King Abdullah II, the country’s ruler, must walk that tightrope at a particularly sensitive time as economic discontent in Jordan deepens. In a sign of the government’s insecurity at the moment, Jordanian authorities have been cracking down on political and anti-corruption activists, trying to silence calls for political and economic reforms.
Although details of the U.S. peace plan have been closely held, reports about what it might entail have caused alarm in Jordan. The suggestion that Jordan might have to permanently absorb the descendants of Palestinians who fled or were forced to leave their homes after Israel’s creation in 1948 is highly sensitive. Today, more than half of Jordan’s 8 million citizens are estimated to be of Palestinian descent.
Jordan has long welcomed refugees — it has taken in an estimated 1.4 millions Syrians over the past nine years, on top of waves of Iraqis — but there is an increasing frustration that this open-door policy is coming at the expense of Jordanians descended from the kingdom’s original East Bank inhabitants.
For Jordan to cooperate with the U.S. peace plan is “suicidal” politically, said Labib Kamhawi, a Jordanian analyst and activist. “Jordan does not want to offend the Jordanians, but at the same time, they cannot oppose the Americans or the Saudis or the Gulf, so they will try to find a halfway solution.”
King Abdullah has been increasingly vocal in his criticism of any deal that does not provide for a Palestinian state alongside the Israeli state. He has also said that Jordan must be at the table at any meeting in which a Middle East peace process is discussed.
Foreign Minister Ayman Safadi reacted with anger after a White House official last week was quoted as confirming Jordan’s participation in the summit. If Jordan does attend, it will refuse any proposal that it deems unacceptable, he later said.
The Trump administration says the two-day “Peace to Prosperity” summit in Manama, Bahrain, starting Tuesday will present an economic vision of what could be achieved if the decades-old Israeli-Arab conflict is resolved, but it has yet to provide any details of what a political solution may be. Trump’s team, led by his son-in-law Jared Kushner, has broken with previous U.S. administrations and refrained from calling for a two-state solution.
Hind al-Fayez, a former Jordanian member of parliament and a government critic, echoed a common refrain among Jordanians and Palestinians that Jordan should not attend because “any relationship that is now between Israel, the Gulf and Trump is not for the sake of Jordan and Palestine.”
Despite the region’s tumultuous decade, Jordan has remained politically, economically and socially stable. That’s in part due to a delicate balancing between its East Bank Jordanian citizens, who have dominated public-sector jobs and the security services, and Palestinians originally from what is now the West Bank and Israel, who have thrived in the private sector.
This equation, however, has started to change over the past decade as the Jordanian government cut back on public jobs, salaries and resources and pushed to privatize more industries and services.
This has angered Jordanians such as Mohammed al-Sneid, 44, an agricultural engineer working for the government and a longtime labor activist from Dhiban, a water-short area south of Amman that was once rich farmland. Jordanian citizens of Palestinian descent deserve to have the same rights as he does, Sneid said, as they have married and integrated into Jordanian society. But the Palestinians in Jordan without citizenship, such as those from the Gaza Strip, should not get citizenship, he said, and neither should Palestinians from the Israeli-occupied West Bank, which he says he worries the Trump administration’s plan will include.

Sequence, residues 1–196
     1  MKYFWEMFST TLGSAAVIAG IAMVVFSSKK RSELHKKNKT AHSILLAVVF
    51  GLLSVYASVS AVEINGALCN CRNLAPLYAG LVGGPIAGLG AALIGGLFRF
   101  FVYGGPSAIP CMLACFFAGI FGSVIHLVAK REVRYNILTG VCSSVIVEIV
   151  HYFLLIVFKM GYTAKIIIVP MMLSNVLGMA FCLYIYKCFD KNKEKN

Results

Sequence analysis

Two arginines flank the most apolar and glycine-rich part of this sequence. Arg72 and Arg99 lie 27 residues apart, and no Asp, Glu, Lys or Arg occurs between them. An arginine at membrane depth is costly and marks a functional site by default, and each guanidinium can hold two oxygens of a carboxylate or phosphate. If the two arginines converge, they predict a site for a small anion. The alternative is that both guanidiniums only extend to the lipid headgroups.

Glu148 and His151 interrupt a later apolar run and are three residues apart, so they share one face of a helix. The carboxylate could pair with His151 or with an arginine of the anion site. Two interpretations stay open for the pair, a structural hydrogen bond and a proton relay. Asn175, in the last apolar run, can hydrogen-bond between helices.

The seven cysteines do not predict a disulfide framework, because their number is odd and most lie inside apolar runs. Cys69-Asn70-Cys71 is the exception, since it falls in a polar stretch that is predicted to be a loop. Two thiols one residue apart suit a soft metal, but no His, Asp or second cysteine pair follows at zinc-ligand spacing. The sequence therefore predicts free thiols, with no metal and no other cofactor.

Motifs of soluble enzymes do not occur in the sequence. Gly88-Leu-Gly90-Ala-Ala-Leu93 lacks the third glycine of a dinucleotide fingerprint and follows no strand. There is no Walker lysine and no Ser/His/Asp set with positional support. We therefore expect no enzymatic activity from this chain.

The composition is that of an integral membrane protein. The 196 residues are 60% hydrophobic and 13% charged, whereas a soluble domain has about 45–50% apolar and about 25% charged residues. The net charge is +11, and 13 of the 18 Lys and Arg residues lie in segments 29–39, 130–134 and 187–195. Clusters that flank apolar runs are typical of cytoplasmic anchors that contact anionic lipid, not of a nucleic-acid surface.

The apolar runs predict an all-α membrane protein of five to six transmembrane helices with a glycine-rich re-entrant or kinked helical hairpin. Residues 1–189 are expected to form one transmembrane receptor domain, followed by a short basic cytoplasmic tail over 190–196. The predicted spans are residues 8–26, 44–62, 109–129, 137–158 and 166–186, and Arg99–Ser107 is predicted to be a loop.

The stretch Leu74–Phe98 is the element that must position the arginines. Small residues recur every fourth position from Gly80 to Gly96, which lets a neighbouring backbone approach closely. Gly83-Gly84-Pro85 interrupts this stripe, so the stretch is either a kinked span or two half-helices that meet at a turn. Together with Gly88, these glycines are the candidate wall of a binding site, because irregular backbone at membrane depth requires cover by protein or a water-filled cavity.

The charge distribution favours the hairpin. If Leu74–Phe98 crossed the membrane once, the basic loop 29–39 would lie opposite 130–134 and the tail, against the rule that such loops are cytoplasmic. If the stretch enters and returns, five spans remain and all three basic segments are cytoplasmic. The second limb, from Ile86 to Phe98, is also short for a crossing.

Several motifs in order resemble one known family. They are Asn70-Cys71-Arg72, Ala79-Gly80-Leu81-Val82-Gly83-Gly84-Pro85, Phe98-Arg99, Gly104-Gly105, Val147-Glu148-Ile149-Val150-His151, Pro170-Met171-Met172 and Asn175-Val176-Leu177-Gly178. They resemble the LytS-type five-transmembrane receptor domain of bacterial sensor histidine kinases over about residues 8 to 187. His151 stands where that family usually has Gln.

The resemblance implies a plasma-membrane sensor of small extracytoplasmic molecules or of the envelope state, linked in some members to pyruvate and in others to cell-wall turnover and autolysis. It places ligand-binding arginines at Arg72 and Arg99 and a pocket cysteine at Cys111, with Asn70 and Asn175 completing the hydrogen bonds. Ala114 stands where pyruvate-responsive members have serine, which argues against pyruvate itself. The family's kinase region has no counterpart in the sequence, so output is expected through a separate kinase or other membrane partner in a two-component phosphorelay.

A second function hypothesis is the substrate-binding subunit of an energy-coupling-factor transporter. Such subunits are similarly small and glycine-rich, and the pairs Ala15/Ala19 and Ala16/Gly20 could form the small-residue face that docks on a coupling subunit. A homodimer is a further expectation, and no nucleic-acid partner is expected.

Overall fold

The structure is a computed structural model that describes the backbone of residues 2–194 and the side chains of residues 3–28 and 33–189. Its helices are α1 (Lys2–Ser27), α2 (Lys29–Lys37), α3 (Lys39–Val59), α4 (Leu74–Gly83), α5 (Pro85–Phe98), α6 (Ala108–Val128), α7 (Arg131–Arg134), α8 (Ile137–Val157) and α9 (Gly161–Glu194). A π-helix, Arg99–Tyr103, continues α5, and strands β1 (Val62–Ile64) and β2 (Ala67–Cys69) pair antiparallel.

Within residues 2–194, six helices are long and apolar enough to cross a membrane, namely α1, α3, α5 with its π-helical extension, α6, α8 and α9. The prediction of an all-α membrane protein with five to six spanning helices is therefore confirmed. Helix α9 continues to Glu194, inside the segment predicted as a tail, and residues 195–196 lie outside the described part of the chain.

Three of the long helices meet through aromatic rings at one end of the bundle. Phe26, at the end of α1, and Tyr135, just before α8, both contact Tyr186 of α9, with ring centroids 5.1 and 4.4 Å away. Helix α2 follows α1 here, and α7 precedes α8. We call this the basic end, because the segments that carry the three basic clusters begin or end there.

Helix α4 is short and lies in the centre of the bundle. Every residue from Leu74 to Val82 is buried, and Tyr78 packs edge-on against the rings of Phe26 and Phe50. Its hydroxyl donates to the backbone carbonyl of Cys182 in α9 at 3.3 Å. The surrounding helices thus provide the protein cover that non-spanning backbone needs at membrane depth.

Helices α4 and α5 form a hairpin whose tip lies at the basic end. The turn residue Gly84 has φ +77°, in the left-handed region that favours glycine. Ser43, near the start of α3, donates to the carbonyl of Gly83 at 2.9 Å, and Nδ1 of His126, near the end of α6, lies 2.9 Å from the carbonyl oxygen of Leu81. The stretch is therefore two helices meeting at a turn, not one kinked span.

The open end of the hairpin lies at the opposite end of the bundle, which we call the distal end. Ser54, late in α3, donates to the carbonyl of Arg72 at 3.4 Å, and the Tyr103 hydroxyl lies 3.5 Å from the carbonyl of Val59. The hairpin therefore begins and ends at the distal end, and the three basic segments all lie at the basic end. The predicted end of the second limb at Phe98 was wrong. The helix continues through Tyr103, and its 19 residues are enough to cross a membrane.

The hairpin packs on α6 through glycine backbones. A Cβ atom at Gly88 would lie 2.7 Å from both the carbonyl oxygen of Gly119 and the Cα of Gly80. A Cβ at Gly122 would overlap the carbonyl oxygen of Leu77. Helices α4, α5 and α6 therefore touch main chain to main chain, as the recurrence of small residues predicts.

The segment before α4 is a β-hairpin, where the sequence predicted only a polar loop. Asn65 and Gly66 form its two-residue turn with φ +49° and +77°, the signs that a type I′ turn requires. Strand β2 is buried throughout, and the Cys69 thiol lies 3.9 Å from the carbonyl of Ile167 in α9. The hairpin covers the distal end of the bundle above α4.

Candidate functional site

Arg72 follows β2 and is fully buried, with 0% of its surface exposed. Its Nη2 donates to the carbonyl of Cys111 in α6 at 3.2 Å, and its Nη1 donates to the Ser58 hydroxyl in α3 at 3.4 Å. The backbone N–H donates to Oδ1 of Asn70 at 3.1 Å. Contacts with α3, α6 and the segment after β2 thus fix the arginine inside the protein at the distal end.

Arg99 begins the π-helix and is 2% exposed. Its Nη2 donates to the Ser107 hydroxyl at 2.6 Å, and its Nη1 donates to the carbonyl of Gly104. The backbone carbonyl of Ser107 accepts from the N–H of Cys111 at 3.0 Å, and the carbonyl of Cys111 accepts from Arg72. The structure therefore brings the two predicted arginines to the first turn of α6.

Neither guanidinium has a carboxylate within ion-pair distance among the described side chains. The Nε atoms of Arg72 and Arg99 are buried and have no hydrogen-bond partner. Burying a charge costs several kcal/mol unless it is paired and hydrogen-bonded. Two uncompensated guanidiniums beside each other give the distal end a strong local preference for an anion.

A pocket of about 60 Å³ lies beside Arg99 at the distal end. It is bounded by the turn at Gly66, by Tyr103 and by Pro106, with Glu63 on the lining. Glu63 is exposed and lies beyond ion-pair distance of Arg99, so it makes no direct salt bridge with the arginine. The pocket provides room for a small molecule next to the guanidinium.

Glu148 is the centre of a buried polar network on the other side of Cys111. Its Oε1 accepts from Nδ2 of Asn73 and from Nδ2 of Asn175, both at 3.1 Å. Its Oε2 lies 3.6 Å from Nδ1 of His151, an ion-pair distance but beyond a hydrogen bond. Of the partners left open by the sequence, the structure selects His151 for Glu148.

“We won’t become part of the conspiracy on Palestine” by giving Jordanian citizenship to Palestinians so that the world could forget they “have the right to return [to their ancestral homes] according to the United Nations,” he said.
Most Palestinian refugees in Jordan hold full citizenship and have the right to vote in elections, but their level of participation is the lowest in the country, said Hassan Barari, a professor at the University of Jordan and a fellow at the Washington Institute for Near East Policy.
East Bank Jordanians fear that if Palestinians are officially absorbed — their “right of return” erased and the Palestinian file officially “closed” — they will exercise their full constitutional rights in Jordan and become a voting majority, he said.
“Jordanians have a siege mentality. They are afraid of the Palestinians becoming a vast majority,” he said. “The most important fear is over the identity of the state.”
Palestinians in Jordan are also apprehensive about the peace process. Khaled Ama’era, 36, a shop owner in Baqaa Palestinian refugee camp, said he would reject any money provided under the U.S. peace initiative if that means relinquishing the claim “that Palestine is our land.”
Stopping by Ama’era’s shop, Mohamed Ghazawi, 28, said he would support a deal — if it meant he could finally get Jordanian citizenship. Ghazawi’s family is originally from the Gaza Strip, so they did not qualify for citizenship in Jordan like those from the West Bank. That means he cannot work in a host of jobs reserved for Jordanian citizens, including journalism, which he studied, or buy property, among other restrictions.
Ghazawi works an overnight shift six days a week at a gas station, in addition to catering courses. He said he would take money related to the U.S. deal, but only on one condition.
“If I took the money, I wouldn’t keep it,” he said. “I wouldn’t take it to put in my pocket. … I’d open a broadcast station in the camp to connect the voice of the Palestinians.”